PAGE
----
The Isha Upanishad declares: “The face of Truth is covered with a brilliant golden lid; that do thou remove, O Fosterer, for the law of the Truth, for sight.” (Isha Upanishad, v. 15 translated by Sri Aurobindo).
In this verse the ancient sage enunciates the separation of the consciousness from the lower hemisphere occupied by our normal human awareness in Body-Life-Mind and the higher hemisphere of Sat-Chit-Ananda, Existence-Consciousness-Bliss and opens up the possibility of transcending the limitations of the lower and thereby gaining Knowledge and Vision.
Sri Aurobindo describes the higher hemisphere: “The higher hemisphere is the perfect and eternal reign of the Spirit; for there it manifests without cessation or diminution its infinities, deploys the unconcealed glories of its illimitable existence, its illimitable consciousness and knowledge, its illimitable force and power, its illimitable beatitude.”
He contrasts this with the lower: “The lower hemisphere belongs equally to the Spirit; but here it is veiled, closely, thickly, by its inferior self-expression of limiting mind, confined life and dividing body. The Self in the lower hemisphere is shrouded in name and form; its consciousness is broken up by the division between the internal and external, the individual and universal; its vision and sense are turned outward; its force, limited by division of its consciousness, works in fetters; its knowledge, will, power, delight, divided by this division, limited by this limitation, are open to the experience of their contrary or perverse forms, to ignorance, weakness and suffering.”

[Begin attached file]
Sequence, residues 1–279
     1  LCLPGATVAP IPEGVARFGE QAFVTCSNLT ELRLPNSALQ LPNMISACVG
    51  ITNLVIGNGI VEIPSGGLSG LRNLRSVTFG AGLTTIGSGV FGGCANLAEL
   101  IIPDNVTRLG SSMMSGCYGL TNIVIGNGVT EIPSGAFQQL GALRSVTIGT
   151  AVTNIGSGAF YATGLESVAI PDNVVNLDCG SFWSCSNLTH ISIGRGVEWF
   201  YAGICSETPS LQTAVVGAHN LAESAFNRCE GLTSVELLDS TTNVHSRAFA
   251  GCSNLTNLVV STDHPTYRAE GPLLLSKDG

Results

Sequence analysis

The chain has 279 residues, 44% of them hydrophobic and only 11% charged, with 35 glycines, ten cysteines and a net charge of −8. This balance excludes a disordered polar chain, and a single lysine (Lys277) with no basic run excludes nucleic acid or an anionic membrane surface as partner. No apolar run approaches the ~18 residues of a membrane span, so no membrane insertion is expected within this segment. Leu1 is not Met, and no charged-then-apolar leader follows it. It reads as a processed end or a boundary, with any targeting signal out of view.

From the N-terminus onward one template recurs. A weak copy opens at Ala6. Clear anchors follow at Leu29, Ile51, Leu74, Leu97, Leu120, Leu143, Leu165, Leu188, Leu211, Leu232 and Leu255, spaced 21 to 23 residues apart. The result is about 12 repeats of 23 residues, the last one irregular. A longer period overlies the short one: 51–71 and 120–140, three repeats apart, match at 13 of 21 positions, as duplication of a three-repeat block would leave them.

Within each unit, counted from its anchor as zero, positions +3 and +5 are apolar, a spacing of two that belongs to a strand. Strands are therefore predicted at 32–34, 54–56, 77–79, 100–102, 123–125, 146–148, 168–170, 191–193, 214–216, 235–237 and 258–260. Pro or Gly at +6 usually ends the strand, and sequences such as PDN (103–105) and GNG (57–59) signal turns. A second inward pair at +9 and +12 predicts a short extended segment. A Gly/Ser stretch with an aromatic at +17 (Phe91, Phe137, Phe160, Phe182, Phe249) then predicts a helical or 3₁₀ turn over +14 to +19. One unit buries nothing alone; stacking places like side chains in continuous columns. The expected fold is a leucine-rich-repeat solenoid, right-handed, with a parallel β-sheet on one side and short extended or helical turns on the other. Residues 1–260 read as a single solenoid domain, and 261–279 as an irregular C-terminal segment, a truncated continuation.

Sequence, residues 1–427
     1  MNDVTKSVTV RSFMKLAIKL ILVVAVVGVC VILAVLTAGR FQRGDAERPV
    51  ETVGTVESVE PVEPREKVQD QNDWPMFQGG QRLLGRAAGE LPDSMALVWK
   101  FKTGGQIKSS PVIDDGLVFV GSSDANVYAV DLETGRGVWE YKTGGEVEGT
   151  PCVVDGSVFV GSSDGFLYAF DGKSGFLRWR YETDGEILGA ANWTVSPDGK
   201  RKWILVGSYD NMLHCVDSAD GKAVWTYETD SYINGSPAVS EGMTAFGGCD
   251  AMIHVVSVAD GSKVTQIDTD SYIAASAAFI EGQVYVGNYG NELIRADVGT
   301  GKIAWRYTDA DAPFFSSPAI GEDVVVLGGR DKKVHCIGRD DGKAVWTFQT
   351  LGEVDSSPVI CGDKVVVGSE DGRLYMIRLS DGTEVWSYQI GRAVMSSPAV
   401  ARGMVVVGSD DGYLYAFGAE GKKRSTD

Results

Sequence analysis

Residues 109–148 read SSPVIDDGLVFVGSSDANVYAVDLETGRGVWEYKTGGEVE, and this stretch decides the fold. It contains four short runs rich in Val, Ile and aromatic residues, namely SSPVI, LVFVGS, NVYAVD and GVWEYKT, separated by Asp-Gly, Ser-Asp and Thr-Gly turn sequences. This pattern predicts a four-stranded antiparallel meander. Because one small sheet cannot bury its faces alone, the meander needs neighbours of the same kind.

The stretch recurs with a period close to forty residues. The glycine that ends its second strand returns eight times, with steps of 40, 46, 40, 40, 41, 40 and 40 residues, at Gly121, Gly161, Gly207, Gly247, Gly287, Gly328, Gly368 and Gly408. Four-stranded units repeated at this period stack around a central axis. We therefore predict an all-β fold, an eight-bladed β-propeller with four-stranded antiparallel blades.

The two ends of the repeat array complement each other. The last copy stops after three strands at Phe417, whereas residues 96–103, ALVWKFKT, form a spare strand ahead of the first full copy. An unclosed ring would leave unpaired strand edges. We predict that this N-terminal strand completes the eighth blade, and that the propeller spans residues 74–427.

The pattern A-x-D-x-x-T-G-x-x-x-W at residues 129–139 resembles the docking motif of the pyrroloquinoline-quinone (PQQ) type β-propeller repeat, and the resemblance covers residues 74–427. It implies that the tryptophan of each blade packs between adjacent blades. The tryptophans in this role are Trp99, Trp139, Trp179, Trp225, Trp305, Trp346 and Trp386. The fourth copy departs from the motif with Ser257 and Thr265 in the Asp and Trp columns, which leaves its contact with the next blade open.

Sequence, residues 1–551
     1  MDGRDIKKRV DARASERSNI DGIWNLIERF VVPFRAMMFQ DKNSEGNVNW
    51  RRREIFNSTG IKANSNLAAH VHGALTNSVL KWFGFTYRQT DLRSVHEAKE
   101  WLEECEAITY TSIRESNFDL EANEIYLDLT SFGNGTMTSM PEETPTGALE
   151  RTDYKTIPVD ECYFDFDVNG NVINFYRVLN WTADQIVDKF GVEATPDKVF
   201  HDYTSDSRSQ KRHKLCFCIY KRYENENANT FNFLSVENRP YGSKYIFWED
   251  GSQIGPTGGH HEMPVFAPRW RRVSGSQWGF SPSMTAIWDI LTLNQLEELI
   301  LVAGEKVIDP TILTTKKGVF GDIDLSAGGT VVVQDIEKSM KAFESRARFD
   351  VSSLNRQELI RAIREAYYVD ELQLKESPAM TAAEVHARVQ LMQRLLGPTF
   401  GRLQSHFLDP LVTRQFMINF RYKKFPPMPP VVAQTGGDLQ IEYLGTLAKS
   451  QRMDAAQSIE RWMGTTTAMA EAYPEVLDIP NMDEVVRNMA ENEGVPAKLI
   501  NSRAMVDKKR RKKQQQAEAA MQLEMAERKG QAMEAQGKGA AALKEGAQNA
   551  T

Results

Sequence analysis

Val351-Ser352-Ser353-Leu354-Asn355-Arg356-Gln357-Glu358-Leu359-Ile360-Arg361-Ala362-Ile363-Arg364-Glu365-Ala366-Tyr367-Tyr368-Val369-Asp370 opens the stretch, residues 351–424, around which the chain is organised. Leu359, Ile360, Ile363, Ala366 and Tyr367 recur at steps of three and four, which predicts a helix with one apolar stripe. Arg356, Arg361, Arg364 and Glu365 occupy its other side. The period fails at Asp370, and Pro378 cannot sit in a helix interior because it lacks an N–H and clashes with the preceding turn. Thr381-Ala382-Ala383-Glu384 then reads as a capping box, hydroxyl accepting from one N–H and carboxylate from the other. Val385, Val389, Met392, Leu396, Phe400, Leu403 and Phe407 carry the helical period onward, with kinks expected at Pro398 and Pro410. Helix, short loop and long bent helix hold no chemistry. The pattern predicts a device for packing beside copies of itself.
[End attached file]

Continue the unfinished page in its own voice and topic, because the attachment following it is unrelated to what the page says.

Sri Aurobindo affirms the possibility of becoming aware of and sharing the experience of the higher planes. “We can indeed become aware of the true Self or Spirit in ourselves by turning our sense and vision inward; we can discover too the same Self or Spirit in the external world and its phenomena by plunging them there also inward through the veil of names and forms to that which dwells in these or else stands behind them. Our normal consciousness through this inward look may become by reflection aware of the infinite being, consciousness and delight of the Self and share in its passive or static infinity of these things.”
There are limits to this reflective sharing of the consciousness of the higher hemisphere, which can only be truly overcome by complete transcendence of the lower and taking on the consciousness of the higher completely. In addition, the effort required, even to accomplish the first step, remains difficult to achieve. “To understand the possibility of transcending it at all, we must restate in a practical formula the relations of the worlds which constitute the two hemispheres.”
Sri Aurobindo, The Synthesis of Yoga, Part Two: The Yoga of Integral Knowledge, Chapter 21, The Ladder of Self-Transcendence, pp. 446-447